Dandruff is a condition that is often commonly mistaken for being a hair condition. While dandruff is harmless, the flakes that appear in your hair and on your collar or shoulders can be uncomfortable and embarrassing.
Dandruff isn't about your hair, or how clean it is, but is associated with the health of your scalp's skin. The condition occurs when skin cells on the scalp die off too fast, causing the skin on the scalp to flake. Dandruff isn't contagious or serious, but it can be challenging to treat, and left untreated may lead to hair thinning and hair loss.
The signs and symptoms of dandruff include skin flakes on your scalp, hair, and shoulders, and the scalp may become irritated and itchy. The condition may become worse under periods of high stress, and they tend to flare in cold, dry seasons. Dandruff is a very prevalent scalp condition that comes in two forms.
The medical term for oily dandruff is seborrhoeic dermatitis. Seborrheic dermatitis causes the skin on the scalp to become irritated and itchy and leaves red or light-colored patches as well as stubborn dandruff.
Dandruff occurs when oily, yellow flakes or scales begin to form on your scalp. These flakes stick together due to sebum, the light yellow, oily substance secreted by the sebaceous glands. Sebum is produced to help protect and moisturize the skin, but seborrheic dermatitis can cause an increase in the gland's sebum production. The result is oily, and yellow flakes become large enough to stick to your head and hair as well as fall off on your shoulders and clothes.
Seborrheic dermatitis is not contagious and is treatable. The condition sometimes affects other areas of the body, including the face, eyebrows, and chest. Washing the head and scalp daily with a mild, gentle shampoo can reduce the buildup of sebum and dead skin cells, and the condition may clear up without further treatment. Seborrheic dermatitis may clear up and return later and may require repeated treatments before the symptoms go away.
Another common condition is dry scalp, which includes many of the symptoms associated with seborrheic dermatitis. While not actually dandruff, dry scalp causes small scales that are white or gray to fall from the scalp and hair. Like seborrheic dermatitis, the condition leaves the scalp irritated and itchy, and when touched, the small flakes often fall from the head and are visible in the hair and on clothing. While dandruff is a product of dead skin cells and an oily scalp, dry scalp is caused by a lack of sebum production and can be aggravated by the use of harsh shampoos and hair products.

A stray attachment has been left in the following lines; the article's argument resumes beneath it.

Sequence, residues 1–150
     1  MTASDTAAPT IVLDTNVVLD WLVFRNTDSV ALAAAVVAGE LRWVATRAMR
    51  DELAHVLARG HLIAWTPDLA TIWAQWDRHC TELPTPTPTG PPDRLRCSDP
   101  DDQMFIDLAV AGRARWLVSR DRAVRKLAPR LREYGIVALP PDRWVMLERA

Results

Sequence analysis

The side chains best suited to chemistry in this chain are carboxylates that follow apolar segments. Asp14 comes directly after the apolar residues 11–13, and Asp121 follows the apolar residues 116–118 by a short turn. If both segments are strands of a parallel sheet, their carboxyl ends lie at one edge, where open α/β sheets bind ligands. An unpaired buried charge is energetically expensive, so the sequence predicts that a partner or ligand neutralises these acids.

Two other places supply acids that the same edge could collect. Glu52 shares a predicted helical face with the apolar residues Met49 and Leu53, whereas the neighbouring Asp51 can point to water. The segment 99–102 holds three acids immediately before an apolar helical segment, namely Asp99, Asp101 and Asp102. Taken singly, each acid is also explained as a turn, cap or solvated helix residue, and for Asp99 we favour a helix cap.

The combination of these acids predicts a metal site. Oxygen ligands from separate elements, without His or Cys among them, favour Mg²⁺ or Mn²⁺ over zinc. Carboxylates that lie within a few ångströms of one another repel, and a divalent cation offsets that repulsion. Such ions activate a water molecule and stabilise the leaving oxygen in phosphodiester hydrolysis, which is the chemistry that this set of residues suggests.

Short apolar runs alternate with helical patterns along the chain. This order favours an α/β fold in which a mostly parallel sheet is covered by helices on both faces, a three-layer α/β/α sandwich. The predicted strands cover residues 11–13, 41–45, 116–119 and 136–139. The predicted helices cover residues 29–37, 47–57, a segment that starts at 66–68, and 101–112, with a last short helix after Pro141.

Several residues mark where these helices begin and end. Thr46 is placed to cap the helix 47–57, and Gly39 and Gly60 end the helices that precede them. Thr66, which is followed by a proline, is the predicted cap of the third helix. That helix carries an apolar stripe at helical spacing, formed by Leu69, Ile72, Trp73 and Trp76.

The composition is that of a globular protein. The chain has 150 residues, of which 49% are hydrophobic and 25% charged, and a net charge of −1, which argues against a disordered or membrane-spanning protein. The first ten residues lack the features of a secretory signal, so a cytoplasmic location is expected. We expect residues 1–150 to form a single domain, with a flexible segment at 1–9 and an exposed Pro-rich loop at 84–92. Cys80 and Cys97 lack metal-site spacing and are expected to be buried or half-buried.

Like the rest of your skin, when your scalp becomes dry, it can become irritated and itchy. Understanding the type of dandruff you have and the cause ensures that you can get the treatment you need.
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While dandruff is not a life-threatening or severe condition, it can be annoying and embarrassing, and left untreated may lead to other scalp and hair issues. Both dry scalp and seborrheic dermatitis can damage the hair follicles, clogging them, and inhibiting their ability to produce healthy hair. The constant irritation can cause you to scratch your scalp repeatedly, causing the condition to worsen and further damaging the hair follicles.
Early treatment of stubborn dandruff conditions can reverse damage to the hair follicles as well as renew healthy hair growth. The first step in treating your dandruff condition is to schedule a free consultation with the hair experts at LH Hair. The dedicated staff is experts at diagnosing and treating scalp conditions, including dandruff. At your initial visit, our team will perform a thorough examination of your hair and scalp, as well as other factors that may be contributing to your condition. With this information, we will help to develop a custom treatment plan to solve the issue.